Luminosity Masking in Photoshop®

Lesson 3/9 - Luminosity Masks & Landscapes

 

Luminosity Masking in Photoshop®

 

Lesson Info

Luminosity Masks & Landscapes

So, here's a traditional landscape image. That, one of my biggest problems with landscape images is, especially when it comes to waterfalls, water is not blue, okay. But, it happens that way. Have you ever seen like a waterfall image that you do, just do a Google search on the images and just type in waterfall. I guarantee that the first like, within that set of 15 to 20 images that pops up, four or five of them are gonna have a blue waterfall. It looks like electricity running through landscape, and not actually like water. 'Cause water doesn't carry that blue color. The reason why that turned to blue is, if we think about things in terms of light balance, our camera can only capture one instance of color at a time that we tell it to capture. Now, if shooting in raw, hear me out, cause you can always change that light balance, but the idea is that it can only capture that one instance of color at any given time. That's why it's up to us to use our editing tools to manipulate those col...

ors in between. So when it's making its analysis of the colors in this image, depending on what colors it's favoring, the water might end up blue. Your snow, hopefully is gonna end up blue and not yellow. But snow in your images will end up blue. It just looks like this vibrant blue, and it shouldn't. If you do HDR, that's gonna look even worse. It's gonna look like someone dumped blue dye into your waterfall from the top to play a practical joke on you while you're editing you're going taking your pictures because that's the nature of your camera and how it captures that light and we start packing all that stuff together. So, when I'm looking at this photograph, I can automatically see, that those highlight areas have too much blue in them. But let's say, for instance, and this image doesn't necessarily show it, it's a really beautiful waterfall image, but if there was a sky up here that was blue, I probably wouldn't want that to be changed, but I'm definitely gonna want this to be changed here. So one of the ways I can do that, is I know, that looking at this image, what's the highlight? It's the waterfall. So, if I press control, alt, and 2, I now have a selection for all the highlight areas in my image based on what we know of traditional luminosity masking. So, if I were to take, for this one, let's say a hue saturation adjustment layer. If I press alt or option, I click on that mask, it's gonna look like a black and white photo, right. But what this black and white is telling me is that the areas that are the whitest white area within this mask are gonna get the brunt of the effect, or the most of the effect, and as it tapers back into these shadowy areas, that's not gonna get any effect at all. So we can see that, I'm gonna do something really horrible I would never say anyone do. Just hike up that saturation all the way. Now we can see where all that saturation is, where we're getting the bulk of that saturation from in the image. It's happening within those highlight areas, and it's not really happening back here, 'cause it's tapering off and it's transitioning off as it goes into the shadows, because we used the traditional luminosity mask. But here's the cool part, here's the kicker. If we click on this luminosity mask, whether we alt click on that mask, we alt click on it, we can see what it looks like, or option click on it, go to image, go to adjustments, and then go to levels, and drop this down. Watch what happens, okay. Stop like right there. We're now saying that that hue saturation adjustment layer can only touch the white parts. I was letting you think about it, okay. It can only touch the white parts of the image as they transition into the midtone part. It cannot touch this area of black. That hue saturation layer no longer will be able to effect this area, okay. It can only effect these areas. Now the really cool part about this, is because this is a hue saturation adjustment layer, and I'm trying to focus in, specifically on, the blue waterfall, if I were to move the midtone slider here, you see how I start to manipulate the contrast of that mask. We've gone from a mask that had a lot of contrast in it, meaning a lot of data between black and white, to basically have gray value in it, to no longer having gray value in it at all. Because we told those midtones, hey if you were a midtone area or if you were like a slightly gray area, now become black. Or, we can say hey, if you were a midtone area, now become more white and make that mask smaller. If we were to come in from the right hand side, we can now make white have more data in there, by pulling from the midtones as well, making that white area take on more of that midtone data and manipulate our midtones in between. So if I press enter on this, now when we see that saturation adjustment all the way up, see how it's only really affecting the blue waterfall? So, you know, you go into something like Adobe Camera Raw in Lightroom, and you try to target, even if you go into the HSL adjustment area, of Adobe Camera Raw in Lightroom, it will never show you what blue is. It will tell you how to move and manipulate blue, but if you take a color wheel on there and do the dorky, nerdy stuff that I do, and you tell blue to move, it's gonna take blue with it, it's gonna take magenta with it, and it's gonna take cyan with it. Because that's what comprises that color blue on that color wheel. It's a combination of many different things. So, if I were to go into the blue value of that hue saturation adjustment layer, or take my targeted adjustment tool, and click on one of those areas, that tells me that that's blue. Now, from here, I can drop the saturation in there, and even make that waterfall water lighter or darker, and stop dropping out the saturation of the blue that is within that waterfall. See the difference there now? It's a very precise and surgical way to even target colors in your image. I'm not, at this point, I'm not really even doing anything much with that luminosity value, at this point, I'm targeting the blue that's in the highlights of the image. On the flip side of that, because you have a mask, you can always use that mask on other things. And there's many ways that we can do that. We can do that with, by adding a curves adjustment layer to it, or any adjustment layer to that, and physically stealing that mask, or doing something called a clipping mask. So now, what if I wanted more things to happen to those highlight areas? If I were to take a curves adjustment layer, press alt or option on that curve, that little arrow down there means hey, I'm a curve, but I want to steal every property you have, I want to take your mask that you have, I want to take your opacity that you have, I want to take any blend if characteristics you have, I'm stealing it all because of that little arrow. And that's by alt or option clicking in between those two layers. So now, with this curve, I've got that highlight segregated and separated in the image. Not only am I working on the color of that image, I'm also working on the highlights of that imnage, or the shadows and the midtones of that image as well.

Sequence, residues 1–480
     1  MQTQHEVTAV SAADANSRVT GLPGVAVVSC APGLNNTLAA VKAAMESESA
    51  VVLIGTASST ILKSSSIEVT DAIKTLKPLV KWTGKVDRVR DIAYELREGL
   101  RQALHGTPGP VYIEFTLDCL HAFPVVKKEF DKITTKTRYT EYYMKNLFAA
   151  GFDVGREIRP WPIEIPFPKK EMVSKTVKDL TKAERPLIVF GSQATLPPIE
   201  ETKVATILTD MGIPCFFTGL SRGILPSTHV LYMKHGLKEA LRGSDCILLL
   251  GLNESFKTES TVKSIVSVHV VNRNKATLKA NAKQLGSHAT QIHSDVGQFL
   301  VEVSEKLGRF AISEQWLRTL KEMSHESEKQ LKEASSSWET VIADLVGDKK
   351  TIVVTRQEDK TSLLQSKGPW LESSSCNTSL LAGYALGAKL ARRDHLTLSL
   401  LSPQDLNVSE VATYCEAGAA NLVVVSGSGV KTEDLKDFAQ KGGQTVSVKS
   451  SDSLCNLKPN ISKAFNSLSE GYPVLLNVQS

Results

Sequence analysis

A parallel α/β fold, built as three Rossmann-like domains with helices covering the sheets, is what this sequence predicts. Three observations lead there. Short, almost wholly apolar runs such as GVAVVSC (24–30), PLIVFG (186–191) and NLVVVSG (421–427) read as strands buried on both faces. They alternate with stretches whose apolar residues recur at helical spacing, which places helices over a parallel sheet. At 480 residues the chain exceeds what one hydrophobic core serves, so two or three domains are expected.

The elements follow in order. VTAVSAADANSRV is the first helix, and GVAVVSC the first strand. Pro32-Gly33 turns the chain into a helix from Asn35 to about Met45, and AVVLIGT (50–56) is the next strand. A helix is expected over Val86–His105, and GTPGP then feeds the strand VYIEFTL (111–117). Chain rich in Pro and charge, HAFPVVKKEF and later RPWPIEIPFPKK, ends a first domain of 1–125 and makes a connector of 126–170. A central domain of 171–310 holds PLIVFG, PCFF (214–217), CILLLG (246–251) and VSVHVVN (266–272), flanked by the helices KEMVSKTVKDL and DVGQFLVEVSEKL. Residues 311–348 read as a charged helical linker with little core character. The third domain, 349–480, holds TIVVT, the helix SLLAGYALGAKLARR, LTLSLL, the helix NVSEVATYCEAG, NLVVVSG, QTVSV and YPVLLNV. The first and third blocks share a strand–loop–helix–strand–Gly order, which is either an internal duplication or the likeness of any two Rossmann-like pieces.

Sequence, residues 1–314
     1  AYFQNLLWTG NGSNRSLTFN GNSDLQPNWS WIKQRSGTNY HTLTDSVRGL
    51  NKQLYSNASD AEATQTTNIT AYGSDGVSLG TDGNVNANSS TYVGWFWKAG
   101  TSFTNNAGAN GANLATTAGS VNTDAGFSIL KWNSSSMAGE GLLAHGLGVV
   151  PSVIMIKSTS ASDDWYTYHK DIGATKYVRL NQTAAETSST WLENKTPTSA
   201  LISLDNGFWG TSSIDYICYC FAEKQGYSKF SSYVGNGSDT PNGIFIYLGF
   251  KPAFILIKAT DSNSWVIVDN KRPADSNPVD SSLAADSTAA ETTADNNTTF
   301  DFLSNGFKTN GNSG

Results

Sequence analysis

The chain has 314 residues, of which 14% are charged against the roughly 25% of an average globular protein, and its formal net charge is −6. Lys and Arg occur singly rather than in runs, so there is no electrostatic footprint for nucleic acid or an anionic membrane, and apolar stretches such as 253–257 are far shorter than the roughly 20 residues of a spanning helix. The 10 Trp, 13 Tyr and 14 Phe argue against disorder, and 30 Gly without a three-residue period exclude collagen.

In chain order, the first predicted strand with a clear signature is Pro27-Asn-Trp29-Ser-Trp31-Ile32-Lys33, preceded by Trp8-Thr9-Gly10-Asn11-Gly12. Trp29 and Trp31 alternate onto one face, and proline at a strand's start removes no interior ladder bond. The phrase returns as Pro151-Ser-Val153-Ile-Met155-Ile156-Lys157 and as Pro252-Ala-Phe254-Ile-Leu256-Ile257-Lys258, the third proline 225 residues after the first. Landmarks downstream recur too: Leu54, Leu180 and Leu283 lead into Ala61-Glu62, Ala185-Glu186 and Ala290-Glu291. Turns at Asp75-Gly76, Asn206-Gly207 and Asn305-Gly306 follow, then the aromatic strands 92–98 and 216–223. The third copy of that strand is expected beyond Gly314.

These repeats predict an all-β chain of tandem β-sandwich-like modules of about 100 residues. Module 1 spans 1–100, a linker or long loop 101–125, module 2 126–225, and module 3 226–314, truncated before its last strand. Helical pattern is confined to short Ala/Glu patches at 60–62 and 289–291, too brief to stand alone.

Class Description

Luminosity Masking has been the talk of the town for a while in the photo industry—and for good reason. It’s one of the easiest, most effective ways to create striking images that cover a wide range of levels of light. The idea is to separate the luminance data from your image, make a mask and edit the data independently. Blake Rudis will begin by walking you through the basics of Luminosity Masking, and then will address some of the more advanced uses. Once you master this awesome tool, you won’t know how you ever got by without it.

Reviews

Doug Stringer
 

Wow, Best class to start off Photoshop Week! Blake made me see the light (luminosity) and how easy it is to make selections with this tool and also be selective in the masks. Can't wait for the landscaping class.

a Creativelive Student
 

Somewhat difficult for me. Watched the class twice to grab the steps/flow of making luminosity masks and modifying the results. With practice, the ability to make specific adjustments based on tone and color will result in much more realistic smooth images versus adjustments made solely on navigational borders i.e. quick selection tools, etc.. For anyone that wants to up the quality and control of their editing i recommend this class.

JennMercille
 

This class blew my mind! I do a TON of masking in my workflow, and Blake Rudis just shaved hours off of my post-processing! Luminosity masking is so incredible, and Blake walks you through it every step of the way. I will be re-watching this class over and over as I edit. It is a fantastic investment for pennies on the dollar, with zero regrets! Thank you Blake for taking an intimidating concept and making it easy to understand and apply!